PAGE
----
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Research Coins: Feature Auction

Sale: Triton VIII, Lot: 256. Estimate $5000. 
Closing Date: Monday, 10 January 2005. 
Sold For $6000. This amount does not include the buyer’s fee.

ISLANDS off THRACE. Thasos. Circa 525-500 BC. AR Stater (10.15 gm). Satyr advancing right, carrying off protesting nymph / Rough quadripartite incuse square. Le Rider, Thasiennes 1; SNG Ashmolean 3642; SNG Copenhagen 1007. Choice EF, toned. Very rare earliest issue of Thasos. ($5000)

Ex Triton V (15 January 2002), lot 1333.

This magnificent example of the first dies (Svoronos 1-5) of the long-running Thasos series of staters exudes power in the face of the satyr. Each of the heads is exceptionally detailed. The metal is superb.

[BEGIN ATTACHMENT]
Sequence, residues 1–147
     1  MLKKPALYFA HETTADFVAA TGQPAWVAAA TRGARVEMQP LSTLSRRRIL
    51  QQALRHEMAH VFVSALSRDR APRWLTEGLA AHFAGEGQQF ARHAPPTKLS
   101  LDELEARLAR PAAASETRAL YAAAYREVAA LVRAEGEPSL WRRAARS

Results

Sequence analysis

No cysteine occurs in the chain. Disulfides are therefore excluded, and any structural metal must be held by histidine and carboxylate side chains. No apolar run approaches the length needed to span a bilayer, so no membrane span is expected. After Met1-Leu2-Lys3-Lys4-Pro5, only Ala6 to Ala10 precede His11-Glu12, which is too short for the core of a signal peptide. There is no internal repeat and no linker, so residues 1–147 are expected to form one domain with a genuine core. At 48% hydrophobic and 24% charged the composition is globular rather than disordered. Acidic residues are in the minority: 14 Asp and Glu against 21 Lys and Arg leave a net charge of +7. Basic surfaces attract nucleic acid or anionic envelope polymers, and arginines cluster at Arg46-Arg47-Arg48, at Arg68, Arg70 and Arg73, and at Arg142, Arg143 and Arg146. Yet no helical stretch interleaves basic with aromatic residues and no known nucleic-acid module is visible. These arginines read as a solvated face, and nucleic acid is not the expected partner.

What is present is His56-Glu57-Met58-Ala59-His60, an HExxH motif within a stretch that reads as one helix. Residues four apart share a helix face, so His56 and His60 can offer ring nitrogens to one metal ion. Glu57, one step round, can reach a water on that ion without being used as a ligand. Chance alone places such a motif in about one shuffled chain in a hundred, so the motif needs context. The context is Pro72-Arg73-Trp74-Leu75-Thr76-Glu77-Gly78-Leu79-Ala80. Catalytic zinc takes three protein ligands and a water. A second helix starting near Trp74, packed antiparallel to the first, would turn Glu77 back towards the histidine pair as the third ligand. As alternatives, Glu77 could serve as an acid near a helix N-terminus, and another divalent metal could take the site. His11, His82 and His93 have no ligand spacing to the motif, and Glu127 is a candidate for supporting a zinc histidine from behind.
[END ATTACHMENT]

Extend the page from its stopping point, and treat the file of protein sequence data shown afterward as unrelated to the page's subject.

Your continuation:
Ritual abduction as a form of exogamy was, and is still, frequent in tribal society. The reference here is probably to the Dionysiac cult and is modelled on one of the stone reliefs for which Thasos is famous. For another archaic treatment on the same theme from Delphi (see Boardman, Greek Sculpture: the Archaic Period, fig. 210).

The overtly sexual displays seen on many early Greek coins can be disconcerting to the modern eye, viewing them through the lens of centuries of Christian fulminations against ‘paganism’ and its erotic excesses. These scenes are at their most graphic in northern Greece, for example, on the archaic coins of ‘Lete’ and the island of Thasos, showing the interplay of nymphs and satyrs. The towns and tribes of this region were only newly introduced to the ‘civilizing’ influences of the south, and were still close to their roots in farming and herding cultures. Their gods were not the Olympian super beings, but the spirits of nature, and the emphasis was on celebrating the fecundity of fields and flocks.